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Hampton Junior School continues to be a good school. There is enough evidence of improved performance to suggest that the school could be judged outstanding if we were to carry out a graded (section 5) inspection now. The school's next inspection will be a graded inspection.
What is it like to attend this school?
This is a caring and friendly school. Leaders are highly ambitious for all pupils, and teachers work collaboratively to support them to succeed. Through the close links with the infant school, leaders know pupils and their families well.
Pupils are happy and safe. Their behaviour is excellent, and bullying is rare. When it does happen, leaders intervene quickly.
P...upils love learning and value their lessons. Teachers have thought carefully about how pupils' subject knowledge can be enhanced through outings and purposeful links across the curriculum. For example, in history, pupils extend their knowledge of Tudors by visiting Hampton Court Palace, and in art, by studying the portraits of Holbein.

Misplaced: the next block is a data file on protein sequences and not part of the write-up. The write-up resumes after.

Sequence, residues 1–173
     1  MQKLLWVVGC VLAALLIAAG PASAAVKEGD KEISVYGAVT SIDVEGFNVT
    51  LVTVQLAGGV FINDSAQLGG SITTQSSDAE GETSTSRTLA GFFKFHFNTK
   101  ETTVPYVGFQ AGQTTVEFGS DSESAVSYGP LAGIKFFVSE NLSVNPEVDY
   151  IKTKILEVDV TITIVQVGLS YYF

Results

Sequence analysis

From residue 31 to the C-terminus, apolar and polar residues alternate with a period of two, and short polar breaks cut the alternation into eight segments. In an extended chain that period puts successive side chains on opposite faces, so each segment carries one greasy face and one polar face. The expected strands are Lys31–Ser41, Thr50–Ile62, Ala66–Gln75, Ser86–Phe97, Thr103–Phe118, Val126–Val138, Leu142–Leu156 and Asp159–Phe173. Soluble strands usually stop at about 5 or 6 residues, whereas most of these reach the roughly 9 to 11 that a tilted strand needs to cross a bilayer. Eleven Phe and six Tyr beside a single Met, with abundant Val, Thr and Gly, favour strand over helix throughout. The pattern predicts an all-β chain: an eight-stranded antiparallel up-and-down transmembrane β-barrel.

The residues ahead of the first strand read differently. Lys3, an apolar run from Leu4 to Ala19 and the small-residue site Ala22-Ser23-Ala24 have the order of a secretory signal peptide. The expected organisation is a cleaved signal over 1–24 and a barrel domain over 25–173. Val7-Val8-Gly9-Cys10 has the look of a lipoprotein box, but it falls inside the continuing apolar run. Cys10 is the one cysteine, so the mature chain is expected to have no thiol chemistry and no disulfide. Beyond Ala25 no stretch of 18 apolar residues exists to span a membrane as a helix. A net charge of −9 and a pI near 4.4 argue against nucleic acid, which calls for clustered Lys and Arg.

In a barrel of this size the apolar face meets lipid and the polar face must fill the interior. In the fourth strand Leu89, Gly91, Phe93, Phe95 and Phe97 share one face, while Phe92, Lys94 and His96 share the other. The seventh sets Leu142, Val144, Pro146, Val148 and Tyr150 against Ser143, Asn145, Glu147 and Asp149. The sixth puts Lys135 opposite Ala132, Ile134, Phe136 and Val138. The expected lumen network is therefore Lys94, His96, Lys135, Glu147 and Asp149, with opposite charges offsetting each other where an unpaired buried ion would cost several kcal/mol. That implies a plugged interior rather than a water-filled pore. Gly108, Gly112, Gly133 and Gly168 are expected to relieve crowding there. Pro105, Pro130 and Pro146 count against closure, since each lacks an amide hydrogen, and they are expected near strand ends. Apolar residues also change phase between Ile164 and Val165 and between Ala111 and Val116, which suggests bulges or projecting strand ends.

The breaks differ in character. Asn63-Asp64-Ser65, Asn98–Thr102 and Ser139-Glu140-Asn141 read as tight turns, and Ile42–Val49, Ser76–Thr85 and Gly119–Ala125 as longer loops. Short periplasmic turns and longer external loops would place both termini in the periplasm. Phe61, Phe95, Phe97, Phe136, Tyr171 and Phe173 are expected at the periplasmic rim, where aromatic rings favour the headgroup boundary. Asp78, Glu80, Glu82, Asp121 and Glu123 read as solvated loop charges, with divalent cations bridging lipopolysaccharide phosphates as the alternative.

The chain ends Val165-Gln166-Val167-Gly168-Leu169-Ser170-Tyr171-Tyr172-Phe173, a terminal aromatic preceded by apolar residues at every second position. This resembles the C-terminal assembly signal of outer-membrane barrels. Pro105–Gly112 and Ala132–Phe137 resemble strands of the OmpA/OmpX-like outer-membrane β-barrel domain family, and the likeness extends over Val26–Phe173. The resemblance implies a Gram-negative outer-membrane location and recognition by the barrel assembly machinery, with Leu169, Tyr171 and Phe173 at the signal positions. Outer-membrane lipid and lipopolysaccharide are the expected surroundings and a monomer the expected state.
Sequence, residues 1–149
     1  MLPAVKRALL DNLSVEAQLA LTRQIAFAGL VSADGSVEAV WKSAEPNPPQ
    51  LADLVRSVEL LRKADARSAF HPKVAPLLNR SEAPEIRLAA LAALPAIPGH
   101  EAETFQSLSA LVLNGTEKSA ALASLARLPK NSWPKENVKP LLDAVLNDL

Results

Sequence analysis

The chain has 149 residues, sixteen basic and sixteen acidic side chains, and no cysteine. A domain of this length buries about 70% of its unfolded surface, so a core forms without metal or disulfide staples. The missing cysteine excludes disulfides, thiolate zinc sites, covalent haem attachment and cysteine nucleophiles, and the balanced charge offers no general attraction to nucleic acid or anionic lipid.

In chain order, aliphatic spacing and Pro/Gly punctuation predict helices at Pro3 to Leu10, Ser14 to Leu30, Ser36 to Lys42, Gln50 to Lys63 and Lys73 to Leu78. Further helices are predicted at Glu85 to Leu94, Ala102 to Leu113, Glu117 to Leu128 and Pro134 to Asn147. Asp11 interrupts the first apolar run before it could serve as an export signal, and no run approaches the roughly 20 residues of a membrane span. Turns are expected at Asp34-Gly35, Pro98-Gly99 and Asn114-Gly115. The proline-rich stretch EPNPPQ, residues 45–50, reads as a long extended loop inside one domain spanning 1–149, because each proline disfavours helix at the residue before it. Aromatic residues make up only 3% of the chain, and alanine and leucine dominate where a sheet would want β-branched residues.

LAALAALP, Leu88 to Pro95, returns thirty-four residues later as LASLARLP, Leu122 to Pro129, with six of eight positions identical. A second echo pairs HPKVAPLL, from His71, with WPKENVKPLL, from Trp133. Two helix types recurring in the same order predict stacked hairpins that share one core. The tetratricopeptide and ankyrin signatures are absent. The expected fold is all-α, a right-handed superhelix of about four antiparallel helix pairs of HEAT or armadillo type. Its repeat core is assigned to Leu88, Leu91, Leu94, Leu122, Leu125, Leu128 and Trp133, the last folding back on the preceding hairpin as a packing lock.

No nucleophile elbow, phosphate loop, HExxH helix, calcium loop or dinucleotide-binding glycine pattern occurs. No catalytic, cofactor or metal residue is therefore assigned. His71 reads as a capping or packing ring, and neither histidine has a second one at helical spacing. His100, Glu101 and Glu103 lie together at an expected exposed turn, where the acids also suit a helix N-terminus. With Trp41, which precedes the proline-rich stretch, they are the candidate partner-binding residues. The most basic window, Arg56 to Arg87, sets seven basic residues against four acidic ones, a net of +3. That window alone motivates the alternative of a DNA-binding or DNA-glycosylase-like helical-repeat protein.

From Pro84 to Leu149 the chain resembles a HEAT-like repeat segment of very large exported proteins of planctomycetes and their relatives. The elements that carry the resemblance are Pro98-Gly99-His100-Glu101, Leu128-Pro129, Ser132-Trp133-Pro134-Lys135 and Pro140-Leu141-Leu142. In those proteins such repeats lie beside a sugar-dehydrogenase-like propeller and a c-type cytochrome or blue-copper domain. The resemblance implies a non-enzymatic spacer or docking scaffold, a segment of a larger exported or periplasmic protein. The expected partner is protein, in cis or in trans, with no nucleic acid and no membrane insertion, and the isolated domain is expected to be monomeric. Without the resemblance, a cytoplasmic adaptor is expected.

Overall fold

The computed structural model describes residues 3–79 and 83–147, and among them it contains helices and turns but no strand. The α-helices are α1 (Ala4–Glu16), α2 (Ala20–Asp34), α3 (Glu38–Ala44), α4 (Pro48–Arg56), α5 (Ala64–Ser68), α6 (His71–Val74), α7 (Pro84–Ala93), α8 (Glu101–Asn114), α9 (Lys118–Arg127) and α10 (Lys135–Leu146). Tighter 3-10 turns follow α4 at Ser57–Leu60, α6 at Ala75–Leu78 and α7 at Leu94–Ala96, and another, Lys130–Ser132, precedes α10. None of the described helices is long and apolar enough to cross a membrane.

Pupils achieve excellent outcomes and are well prepared for their next steps.
Pupils are proud of their involvement in the life of the school. The school council represents each class and meets regularly.
It decides on ways to keep improving the school, including adding new equipment in the playground, updating displays in corridors, and deciding on awards for pupils. House captains are responsible for leading the inter-house tournaments each term, where all pupils compete in sports such as dodgeball. The eco-committee has organised several whole-school initiatives, including recycling and composting schemes.
What does the school do well and what does it need to do better?
The curriculum is broad and well designed. This is because leaders have pinpointed the specific knowledge that pupils need to learn, and identified how this will build over time in each subject. For example, in geography, Year 3 pupils learn to locate the countries of the United Kingdom so that, by Year 6, they can compare the topographical features of these countries.